A data-independent acquisition (DIA) approach is being increasingly adopted as a promising strategy for identification and quantitation of proteomes. As most DIA data sets are acquired with wide isolation windows, highly complex MS/MS spectra are generated, which negatively impacts obtaining peptide information through classical protein database searches. Therefore, the analysis of DIA data mainly relies on the evidence of the existence of peptides from prebuilt spectral libraries. Consequently, one major weakness of this method is that it does not account for peptides that are not included in the spectral library, precluding the use of DIA for discovery studies. Here, we present a strategy termed Precursor ion And Small Slice-DIA (PASS-DIA) in which MS/MS spectra are acquired with small isolation windows (slices) and MS/MS spectra are interpreted with accurately determined precursor ion masses. This method enables the direct application of conventional spectrum-centric analysis pipelines for peptide identification and precursor ion-based quantitation. The performance of PASS-DIA was observed to be superior to both data-dependent acquisition (DDA) and conventional DIA experiments with 69 and 48% additional protein identifications, respectively. Application of PASS-DIA for the analysis of post-translationally modified peptides again highlighted its superior performance in characterizing phosphopeptides (77% more), N-terminal acetylated peptides (56% more), and N-glycopeptides (83% more) as compared to DDA alone. Finally, the use of PASS-DIA to characterize a rare proteome of human fallopian tube organoids enabled 34% additional protein identifications than DDA alone and revealed biologically relevant pathways including low abundance proteins. Overall, PASS-DIA is a novel DIA approach for use as a discovery tool that outperforms both conventional DDA and DIA experiments to provide additional protein information. We believe that the PASS-DIA method is an important strategy for discovery-type studies when deeper proteome characterization is required.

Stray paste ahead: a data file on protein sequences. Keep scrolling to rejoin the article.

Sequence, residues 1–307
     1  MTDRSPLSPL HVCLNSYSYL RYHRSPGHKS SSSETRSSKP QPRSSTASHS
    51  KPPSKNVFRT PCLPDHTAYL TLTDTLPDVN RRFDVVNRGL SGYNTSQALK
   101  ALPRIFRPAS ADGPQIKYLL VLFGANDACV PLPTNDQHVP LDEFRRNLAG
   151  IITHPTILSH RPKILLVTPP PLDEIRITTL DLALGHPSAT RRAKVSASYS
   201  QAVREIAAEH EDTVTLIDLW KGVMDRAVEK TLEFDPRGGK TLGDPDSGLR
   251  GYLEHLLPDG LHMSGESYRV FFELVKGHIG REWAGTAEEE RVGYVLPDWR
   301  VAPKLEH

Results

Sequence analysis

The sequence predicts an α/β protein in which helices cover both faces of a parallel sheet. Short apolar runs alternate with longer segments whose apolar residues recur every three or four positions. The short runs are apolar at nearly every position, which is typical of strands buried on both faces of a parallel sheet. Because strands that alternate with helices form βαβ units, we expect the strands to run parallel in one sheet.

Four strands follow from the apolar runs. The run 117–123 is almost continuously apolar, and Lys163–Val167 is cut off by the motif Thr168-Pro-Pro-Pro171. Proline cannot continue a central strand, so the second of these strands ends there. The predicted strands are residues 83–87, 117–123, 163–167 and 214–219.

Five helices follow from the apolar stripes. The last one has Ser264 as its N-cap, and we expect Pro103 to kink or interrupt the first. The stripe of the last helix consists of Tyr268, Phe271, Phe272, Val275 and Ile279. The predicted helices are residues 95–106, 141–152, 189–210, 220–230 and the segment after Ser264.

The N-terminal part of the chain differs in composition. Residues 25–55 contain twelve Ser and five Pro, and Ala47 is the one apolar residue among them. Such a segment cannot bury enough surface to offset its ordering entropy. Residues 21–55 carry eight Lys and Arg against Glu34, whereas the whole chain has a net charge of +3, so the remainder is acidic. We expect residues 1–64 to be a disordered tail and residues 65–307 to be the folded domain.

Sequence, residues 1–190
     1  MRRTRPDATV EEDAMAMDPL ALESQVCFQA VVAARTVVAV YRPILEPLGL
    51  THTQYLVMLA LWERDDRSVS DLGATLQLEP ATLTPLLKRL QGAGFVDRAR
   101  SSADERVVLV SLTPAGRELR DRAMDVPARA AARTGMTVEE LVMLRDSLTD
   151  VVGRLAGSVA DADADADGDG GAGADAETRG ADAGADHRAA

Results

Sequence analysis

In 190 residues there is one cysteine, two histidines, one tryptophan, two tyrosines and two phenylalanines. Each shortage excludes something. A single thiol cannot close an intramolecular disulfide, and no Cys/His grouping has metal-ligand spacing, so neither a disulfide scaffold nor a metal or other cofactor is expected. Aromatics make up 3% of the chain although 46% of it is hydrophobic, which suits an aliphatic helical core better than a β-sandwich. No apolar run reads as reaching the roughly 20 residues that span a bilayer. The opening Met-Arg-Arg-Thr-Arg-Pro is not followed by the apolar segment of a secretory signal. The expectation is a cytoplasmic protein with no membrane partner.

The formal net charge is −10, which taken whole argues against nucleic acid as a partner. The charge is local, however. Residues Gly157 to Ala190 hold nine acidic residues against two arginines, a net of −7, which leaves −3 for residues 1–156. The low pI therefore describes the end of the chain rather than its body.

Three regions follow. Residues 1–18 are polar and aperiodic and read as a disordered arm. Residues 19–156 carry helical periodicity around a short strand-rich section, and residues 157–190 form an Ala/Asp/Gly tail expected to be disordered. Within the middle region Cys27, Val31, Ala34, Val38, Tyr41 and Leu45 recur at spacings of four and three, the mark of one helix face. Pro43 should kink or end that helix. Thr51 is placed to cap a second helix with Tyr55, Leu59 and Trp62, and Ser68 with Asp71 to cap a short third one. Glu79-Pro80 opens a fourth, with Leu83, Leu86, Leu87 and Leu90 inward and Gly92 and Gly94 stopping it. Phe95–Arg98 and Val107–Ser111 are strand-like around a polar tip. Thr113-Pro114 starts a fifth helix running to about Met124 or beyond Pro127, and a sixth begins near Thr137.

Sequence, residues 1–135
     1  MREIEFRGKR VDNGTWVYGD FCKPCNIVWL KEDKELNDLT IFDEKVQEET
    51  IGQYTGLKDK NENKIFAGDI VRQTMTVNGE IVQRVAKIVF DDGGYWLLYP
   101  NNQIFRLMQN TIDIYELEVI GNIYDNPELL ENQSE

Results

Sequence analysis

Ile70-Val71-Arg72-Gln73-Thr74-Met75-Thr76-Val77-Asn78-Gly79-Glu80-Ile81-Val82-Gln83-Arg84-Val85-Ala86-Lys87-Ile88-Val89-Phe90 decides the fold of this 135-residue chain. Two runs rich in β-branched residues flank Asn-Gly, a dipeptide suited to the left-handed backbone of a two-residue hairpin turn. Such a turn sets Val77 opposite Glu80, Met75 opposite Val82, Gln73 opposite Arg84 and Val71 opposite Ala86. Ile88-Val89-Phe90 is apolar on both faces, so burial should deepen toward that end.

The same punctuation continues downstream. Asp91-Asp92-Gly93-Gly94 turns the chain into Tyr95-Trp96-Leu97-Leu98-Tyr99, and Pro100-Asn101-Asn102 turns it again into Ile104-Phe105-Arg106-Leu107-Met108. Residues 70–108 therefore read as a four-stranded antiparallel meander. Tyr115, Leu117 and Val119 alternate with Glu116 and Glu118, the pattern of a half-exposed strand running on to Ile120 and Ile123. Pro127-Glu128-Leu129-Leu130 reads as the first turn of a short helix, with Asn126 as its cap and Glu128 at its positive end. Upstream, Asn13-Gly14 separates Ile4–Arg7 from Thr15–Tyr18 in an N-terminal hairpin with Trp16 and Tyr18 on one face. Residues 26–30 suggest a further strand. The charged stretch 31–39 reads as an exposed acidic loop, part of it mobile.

ASJC Scopus subject areas
- Analytical Chemistry